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[2]

Warm and Wide

The Leatherback Turtle, at an average weight of 340kg, a body length of 1.8 meters and a flipper span of 2.7m, is the largest extant species of turtle in the world, and among the heaviest of all living reptiles, only being outweighed by three species of crocodile. Other than their immense size, the most distinctive feature of this species of sea-turtle, is the lack of a bony shell, with the species relying on thick leathery skin encrusted with osteoderms supported by seven ridges that run along the length of the animal’s carapace. The more significant difference between the Leatherback Turtle and other turtles, and indeed all other extant reptiles, is found internally and relates to the animals incredibly high activity rate. When swimming the muscles in the flippers, coupled with the insulating brown adipose fat cover under the shell, transfer heat into the core of the turtle, keeping its body warm even in the sub-Arctic waters off the coast of Alaska and Scandinavia (2).

Leatherback Turtles are obligate carnivores, and feed primarily of jellyfish, but have been recorded eating soft bodied cephalopods and tunicates. Prey is seized by the beak, and then pushed down into the stomach with a number of backward facing spurs lining the walls of the mouth and throat. As a product of the high metabolism, Leatherback Turtles have to eat frequently, and must consume up to 73% of their body weight a day to remain healthy (3). Adult Leatherback Turtles have few predators, although Orca (Orcinus orca), Tiger Sharks (Galeocerdo cuvier) and Great White Sharks (Carcharodon carcarias) are all infrequent predators of this species. Despite appearing passive, Leatherback Turtles are formidable defensive fighters, biting with their beaks and slapping predators with their flippers until they can escape or the would be predator backs off.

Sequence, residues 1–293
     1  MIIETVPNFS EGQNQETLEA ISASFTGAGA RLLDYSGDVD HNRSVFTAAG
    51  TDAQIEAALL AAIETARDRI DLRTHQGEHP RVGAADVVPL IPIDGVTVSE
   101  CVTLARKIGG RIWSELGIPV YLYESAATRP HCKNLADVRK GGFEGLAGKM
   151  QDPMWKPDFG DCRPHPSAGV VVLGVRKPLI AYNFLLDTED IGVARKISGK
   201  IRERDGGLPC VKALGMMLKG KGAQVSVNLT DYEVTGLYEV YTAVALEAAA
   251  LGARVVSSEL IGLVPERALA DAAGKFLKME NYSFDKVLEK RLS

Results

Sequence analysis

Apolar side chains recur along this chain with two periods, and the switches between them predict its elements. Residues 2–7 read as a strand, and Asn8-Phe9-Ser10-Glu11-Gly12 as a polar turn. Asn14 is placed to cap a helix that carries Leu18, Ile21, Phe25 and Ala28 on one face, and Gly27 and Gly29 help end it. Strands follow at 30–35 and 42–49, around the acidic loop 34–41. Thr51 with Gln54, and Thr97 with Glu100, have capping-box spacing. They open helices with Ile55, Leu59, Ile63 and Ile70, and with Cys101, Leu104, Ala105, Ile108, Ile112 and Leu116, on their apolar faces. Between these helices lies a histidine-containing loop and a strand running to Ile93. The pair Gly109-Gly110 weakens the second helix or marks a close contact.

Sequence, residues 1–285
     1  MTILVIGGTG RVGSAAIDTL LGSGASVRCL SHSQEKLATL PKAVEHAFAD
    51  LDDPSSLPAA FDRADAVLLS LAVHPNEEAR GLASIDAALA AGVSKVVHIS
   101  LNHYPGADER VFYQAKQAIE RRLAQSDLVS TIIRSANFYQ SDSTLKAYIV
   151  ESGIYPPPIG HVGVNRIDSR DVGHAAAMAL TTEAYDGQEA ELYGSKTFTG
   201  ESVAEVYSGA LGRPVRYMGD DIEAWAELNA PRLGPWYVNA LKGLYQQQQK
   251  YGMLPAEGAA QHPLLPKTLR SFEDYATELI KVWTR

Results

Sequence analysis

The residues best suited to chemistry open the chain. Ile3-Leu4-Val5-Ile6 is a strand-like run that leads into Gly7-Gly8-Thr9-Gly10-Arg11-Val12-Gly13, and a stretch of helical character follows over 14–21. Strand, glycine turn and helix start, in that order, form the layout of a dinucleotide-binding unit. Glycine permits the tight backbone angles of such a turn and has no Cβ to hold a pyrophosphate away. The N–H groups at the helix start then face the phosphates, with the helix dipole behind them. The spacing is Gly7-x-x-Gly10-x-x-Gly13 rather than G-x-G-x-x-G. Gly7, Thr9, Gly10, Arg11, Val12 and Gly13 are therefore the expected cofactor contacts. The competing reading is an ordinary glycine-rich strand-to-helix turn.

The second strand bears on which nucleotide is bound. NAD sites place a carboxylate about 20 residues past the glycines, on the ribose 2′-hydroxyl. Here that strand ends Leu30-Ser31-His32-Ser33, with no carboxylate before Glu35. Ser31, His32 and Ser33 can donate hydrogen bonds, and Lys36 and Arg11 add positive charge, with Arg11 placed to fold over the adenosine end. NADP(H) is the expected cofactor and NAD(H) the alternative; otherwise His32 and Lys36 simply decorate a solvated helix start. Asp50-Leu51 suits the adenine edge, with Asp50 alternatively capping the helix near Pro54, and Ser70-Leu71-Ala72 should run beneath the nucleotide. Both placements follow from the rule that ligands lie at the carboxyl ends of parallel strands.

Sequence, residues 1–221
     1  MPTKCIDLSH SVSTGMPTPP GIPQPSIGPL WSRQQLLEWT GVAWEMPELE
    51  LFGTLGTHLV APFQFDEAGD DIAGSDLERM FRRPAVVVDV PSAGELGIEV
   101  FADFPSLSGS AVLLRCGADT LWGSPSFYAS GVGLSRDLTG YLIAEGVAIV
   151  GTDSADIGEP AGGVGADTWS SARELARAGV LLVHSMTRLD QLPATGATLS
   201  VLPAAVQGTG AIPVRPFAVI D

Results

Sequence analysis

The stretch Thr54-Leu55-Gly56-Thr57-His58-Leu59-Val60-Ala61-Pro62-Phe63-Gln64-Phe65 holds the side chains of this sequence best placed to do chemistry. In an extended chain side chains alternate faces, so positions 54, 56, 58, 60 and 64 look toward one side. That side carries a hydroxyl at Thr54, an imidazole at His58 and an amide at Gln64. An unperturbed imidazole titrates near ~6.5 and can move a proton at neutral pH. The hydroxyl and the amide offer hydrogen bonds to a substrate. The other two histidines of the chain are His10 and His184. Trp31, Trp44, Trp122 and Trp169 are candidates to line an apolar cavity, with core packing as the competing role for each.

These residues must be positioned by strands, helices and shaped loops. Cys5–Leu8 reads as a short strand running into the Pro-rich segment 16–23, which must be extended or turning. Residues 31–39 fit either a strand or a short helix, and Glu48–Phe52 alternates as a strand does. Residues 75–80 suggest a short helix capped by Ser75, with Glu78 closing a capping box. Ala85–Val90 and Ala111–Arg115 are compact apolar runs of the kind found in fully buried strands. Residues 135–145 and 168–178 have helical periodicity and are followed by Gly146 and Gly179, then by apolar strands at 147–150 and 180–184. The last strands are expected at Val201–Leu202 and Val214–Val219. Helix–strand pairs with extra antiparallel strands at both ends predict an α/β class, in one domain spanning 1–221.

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[3]

Mating, as with all marine turtles takes place at sea, with the male nuzzling and biting the female to determine her reproductive status. After mating the female will head to shore where she will remain for three to four months to allow the eggs to develop, before clambering onto the beach after sunset to lay her eggs. Sandy beaches are preferred due to the leathery nature of both the adult and hatchlings shells, as well as to incubate the eggs as they further develop. The female may make up to nine trips to lay eggs, usually spaced a week or more apart, to avoid exhaustion (4). Over the next two months the eggs develop, with the temperature deciding the gender of the developing embryos, with warm temperatures producing more females, and cooler ones more males. Upon hatching, the baby turtles head to the sea in a swarm to reduce the threat of predation on the way through the surf.